We headed downstream, and because we were moving with the current, we didn't even really have to paddle that much except around the bends. It was just so relaxing and beautiful- right in the heart of the Adirondacks.
The waterway wasn't really that wide, and sometimes we filed along in single file to avoid bumping into each other. I also must admit. I have yet to master the sharp curves and landed my boat into the bushes/bank several times before I realized I could break with my paddle.
Along the way, we encountered the pan handler. She just appeared out of the long brush and followed us for quite some time before realizing we weren't going to give in to her hunger pains.
I spotted a beautiful deer on the way as well but didn't want to spook her by whipping out the camera. It was definitely cool to be in such close quarters to such a majestic animal.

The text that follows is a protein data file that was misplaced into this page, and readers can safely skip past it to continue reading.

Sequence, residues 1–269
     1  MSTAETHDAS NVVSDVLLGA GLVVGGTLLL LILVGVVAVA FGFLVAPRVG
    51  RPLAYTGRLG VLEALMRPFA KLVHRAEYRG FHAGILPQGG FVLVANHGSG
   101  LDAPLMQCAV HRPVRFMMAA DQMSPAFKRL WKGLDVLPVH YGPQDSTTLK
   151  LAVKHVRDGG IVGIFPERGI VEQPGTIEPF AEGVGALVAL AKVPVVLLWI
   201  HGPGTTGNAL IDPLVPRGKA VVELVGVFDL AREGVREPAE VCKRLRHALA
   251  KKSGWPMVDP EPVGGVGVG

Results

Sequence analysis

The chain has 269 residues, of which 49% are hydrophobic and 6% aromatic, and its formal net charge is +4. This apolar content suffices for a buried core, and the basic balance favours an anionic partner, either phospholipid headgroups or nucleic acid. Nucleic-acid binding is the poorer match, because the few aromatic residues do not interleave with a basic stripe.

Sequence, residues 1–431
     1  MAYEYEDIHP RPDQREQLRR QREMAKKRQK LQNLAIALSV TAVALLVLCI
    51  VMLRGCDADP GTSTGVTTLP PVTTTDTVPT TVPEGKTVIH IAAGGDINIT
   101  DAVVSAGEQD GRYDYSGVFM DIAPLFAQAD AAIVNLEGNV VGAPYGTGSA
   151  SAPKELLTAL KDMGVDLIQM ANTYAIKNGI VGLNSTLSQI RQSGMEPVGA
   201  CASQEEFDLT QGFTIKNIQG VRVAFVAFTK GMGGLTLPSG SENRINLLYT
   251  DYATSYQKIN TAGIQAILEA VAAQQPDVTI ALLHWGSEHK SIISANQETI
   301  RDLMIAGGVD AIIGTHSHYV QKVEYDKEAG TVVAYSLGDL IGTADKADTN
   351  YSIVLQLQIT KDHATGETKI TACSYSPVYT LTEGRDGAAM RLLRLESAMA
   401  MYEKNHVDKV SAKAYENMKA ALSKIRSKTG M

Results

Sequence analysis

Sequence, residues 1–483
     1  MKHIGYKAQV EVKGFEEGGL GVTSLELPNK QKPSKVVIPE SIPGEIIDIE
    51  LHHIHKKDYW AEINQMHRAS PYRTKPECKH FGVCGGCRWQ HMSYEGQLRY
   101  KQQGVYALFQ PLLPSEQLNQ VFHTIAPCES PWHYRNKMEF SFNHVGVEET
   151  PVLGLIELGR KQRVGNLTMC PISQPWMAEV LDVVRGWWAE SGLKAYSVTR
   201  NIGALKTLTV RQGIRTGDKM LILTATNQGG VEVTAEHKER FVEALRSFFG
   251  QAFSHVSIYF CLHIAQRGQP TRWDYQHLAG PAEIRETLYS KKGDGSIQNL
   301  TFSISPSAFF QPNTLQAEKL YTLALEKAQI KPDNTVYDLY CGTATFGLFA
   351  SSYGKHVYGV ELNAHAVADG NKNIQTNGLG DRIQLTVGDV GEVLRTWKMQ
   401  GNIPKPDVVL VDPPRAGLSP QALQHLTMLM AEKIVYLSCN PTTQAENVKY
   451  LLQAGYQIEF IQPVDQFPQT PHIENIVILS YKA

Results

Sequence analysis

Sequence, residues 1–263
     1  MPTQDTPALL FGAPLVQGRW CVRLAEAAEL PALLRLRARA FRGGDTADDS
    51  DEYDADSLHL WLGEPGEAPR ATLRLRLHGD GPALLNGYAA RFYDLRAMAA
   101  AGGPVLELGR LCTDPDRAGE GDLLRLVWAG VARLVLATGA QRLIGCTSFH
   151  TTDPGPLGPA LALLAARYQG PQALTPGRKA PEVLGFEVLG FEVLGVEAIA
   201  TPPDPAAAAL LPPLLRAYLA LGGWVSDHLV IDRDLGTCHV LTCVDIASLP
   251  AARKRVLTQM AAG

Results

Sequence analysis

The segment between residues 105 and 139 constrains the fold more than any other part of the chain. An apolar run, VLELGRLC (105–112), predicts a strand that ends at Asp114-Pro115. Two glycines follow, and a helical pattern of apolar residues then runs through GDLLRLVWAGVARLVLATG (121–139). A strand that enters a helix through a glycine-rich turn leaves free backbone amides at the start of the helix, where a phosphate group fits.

There were many downed trees along the way and a few spots where we really had to maneuver our boats around a lot of obstacles.
Before we had put into the water, I heard Joe talking with Christina about a portage- playful bickering between the two of them about whether or not there was one. Portage is not a term I've ever heard, and had no idea what they were talking about and didn't think to ask.
We came to this point and I gotta be honest. Didn't really realize that we had to take out of the water, walk down a path and then get back in the water to avoid some rapids.
And so, we trekked down the path with the boats, one at a time. And over this rickety bridge which was completely scary and missing railings here and there.
These were the rapids:
I became paralyzed for a few moments while crossing the bridge.
All in all a beautiful day for a boat ride, and I am looking forward to doing the upper half of the North Branch sometime during the Summer which is about as long without the portage.
And I didn't get bit by even one black fly - which is a good thing.